Latin America: Brazilian Protectionism


By Antonio Guerrero

Though its economic growth may be stalling, Brazil is still an attractive destination for investors. But the recent imposition of tariffs on certain imports has sparked an international ruckus.

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For several years now, the international community has complained about Brazil’s growing protectionist stance. With the country’s economy experiencing a slowdown, authorities in Brasilia have contended, in turn, that recent measures to protect local industries are simply part of a defensive strategy. But now even local businesses are questioning the measures.

“To try to isolate and protect industry from competition may benefit the local industry, but it has long-term costs and will block the development of a truly competitive and innovative industrial base,” British prime minister David Cameron told the Brazilian press ahead of an official visit to the country in September. The message seemed a warning to the administration of president Dilma Rousseff that its policies may ultimately backfire. UK-Brazil bilateral trade was $5.2 billion between January and August, with a $567 million surplus in Brazil’s favor.

“We can’t extend the economic retraction by isolating ourselves and setting up protectionist barriers,” Cameron added. “Instead, we have to break them by providing more jobs, growth and prosperity.” The prime minister contends that, unlike Brazil, the UK is lifting trade barriers, slashing taxes on partnerships, granting tax incentives to new businesses and even issuing more business visas to get top talent to relocate to Britain—all to boost the country’s slow economic recovery.

Cameron was responding to a September move by the Brazilian government to increase import tariffs on a list of 100 products ranging from steel and rubber tires to produce. The measure elicited a letter from the US government to the Rousseff administration asking it to reconsider the measures. The Brazilian government had already introduced previous rules to protect local industries, including hiking taxes on foreign car imports.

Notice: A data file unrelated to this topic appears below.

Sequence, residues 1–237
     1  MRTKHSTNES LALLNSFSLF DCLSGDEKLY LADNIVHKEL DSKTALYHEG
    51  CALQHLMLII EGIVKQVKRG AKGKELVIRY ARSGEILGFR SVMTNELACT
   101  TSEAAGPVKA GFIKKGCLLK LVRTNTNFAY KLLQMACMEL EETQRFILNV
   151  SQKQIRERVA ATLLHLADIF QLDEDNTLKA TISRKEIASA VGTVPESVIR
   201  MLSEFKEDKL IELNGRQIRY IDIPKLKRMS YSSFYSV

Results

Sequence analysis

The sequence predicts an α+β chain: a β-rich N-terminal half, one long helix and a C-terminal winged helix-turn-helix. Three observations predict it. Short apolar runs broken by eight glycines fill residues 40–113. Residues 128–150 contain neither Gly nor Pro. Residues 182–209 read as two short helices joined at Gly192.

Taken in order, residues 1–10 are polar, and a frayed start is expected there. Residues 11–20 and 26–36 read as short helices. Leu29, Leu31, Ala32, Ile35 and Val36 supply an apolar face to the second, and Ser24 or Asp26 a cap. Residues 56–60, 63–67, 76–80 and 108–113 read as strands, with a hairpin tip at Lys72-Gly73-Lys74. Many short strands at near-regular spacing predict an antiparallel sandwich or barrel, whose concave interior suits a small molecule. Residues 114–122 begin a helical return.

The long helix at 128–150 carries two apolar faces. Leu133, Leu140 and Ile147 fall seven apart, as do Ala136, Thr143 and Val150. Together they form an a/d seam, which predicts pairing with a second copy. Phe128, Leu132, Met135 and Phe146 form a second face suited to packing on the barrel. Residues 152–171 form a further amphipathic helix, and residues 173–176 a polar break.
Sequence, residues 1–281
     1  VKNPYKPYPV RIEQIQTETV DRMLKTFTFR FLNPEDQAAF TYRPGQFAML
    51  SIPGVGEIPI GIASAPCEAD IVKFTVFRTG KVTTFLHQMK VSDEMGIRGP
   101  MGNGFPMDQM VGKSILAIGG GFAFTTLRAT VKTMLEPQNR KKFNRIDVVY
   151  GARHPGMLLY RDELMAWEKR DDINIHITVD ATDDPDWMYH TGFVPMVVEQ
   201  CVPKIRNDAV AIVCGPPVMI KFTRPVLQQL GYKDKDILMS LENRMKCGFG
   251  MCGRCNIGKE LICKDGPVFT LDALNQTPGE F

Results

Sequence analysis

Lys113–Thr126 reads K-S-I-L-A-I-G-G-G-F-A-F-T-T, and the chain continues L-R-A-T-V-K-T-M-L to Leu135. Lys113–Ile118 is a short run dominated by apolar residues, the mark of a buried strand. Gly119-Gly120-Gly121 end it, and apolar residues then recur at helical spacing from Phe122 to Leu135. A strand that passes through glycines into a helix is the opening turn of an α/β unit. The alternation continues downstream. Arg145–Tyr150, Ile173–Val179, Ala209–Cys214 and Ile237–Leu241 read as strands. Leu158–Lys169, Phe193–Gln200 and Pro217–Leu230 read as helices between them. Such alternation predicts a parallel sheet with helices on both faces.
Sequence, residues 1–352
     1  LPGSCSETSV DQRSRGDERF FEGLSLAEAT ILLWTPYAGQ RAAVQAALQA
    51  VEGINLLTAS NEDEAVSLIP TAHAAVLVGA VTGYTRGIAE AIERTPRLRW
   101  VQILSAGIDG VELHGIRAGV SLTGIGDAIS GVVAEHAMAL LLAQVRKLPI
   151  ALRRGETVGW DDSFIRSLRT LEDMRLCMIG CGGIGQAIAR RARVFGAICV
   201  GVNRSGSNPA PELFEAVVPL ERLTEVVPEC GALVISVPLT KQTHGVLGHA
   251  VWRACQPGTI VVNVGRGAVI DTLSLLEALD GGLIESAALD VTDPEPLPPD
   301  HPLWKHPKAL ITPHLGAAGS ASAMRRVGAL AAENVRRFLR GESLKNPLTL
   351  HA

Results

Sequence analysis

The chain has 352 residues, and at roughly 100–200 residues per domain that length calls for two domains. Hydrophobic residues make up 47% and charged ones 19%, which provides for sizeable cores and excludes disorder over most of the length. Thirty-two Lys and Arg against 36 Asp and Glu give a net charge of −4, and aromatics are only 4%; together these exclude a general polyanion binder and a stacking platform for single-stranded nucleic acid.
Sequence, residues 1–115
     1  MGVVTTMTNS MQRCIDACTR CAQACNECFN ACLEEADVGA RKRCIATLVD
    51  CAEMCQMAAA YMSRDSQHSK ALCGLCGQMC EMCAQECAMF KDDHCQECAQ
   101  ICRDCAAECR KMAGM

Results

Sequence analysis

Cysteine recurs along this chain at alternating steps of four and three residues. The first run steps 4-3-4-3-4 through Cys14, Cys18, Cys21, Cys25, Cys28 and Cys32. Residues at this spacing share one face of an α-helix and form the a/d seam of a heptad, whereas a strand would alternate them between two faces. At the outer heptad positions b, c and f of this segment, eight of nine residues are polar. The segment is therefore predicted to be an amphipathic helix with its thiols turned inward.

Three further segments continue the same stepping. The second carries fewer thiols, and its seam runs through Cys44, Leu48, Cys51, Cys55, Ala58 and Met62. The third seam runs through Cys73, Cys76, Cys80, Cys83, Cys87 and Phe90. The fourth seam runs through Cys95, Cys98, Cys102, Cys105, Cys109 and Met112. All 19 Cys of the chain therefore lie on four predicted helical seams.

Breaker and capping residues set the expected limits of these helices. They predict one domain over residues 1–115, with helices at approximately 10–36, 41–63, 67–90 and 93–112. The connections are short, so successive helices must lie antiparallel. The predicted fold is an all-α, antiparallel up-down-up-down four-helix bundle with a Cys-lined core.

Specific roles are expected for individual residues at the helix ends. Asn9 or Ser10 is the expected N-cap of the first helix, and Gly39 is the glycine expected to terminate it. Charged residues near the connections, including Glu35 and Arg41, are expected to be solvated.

“We live in a time when the world market is shrinking and exporters flood Brazil, which is one of the few growing markets, and our industry is being harmed by this,” finance minister Guido Mantega told reporters in Brasilia, when questioned about the recent round of tariff hikes. Indeed, many exporters have been enticed by Brazil’s growing consumer market in what last year overtook the UK to become the world’s sixth-largest economy.

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Prazeres, Brazilian ministry of development, industry and foreign trade: Recent increases in import tariffs are still below the ceiling

Speaking at the United Nations General Assembly in New York in late September, president Rousseff said such measures are not protectionist but defensive. “We cannot accept that legitimate initiatives of commercial defense by developing countries can be classified as protectionism,” she said. “Protectionism and all forms of commercial manipulation must be fought.” The administration argues that recent moves are primarily aimed at easing price differentials caused by the weak global outlook.

Furthermore, authorities note that Brazilian tariffs remain within international standards. “All of the defensive commercial measures adopted by Brazil are in compliance with the international rules contemplated in the accords signed by the country and cannot be regarded as protectionist,” says Tatiana Lacerda Prazeres, foreign trade secretary at Brazil’s ministry of development, industry and foreign trade. “The recent increase in import tariffs was done using percentages that are still below the tariff ceiling set for Brazil by the World Trade Organization. Even still, the measure is temporary and valid through 2014 and affects 100 items within a universe of 10,000 tariff codes.”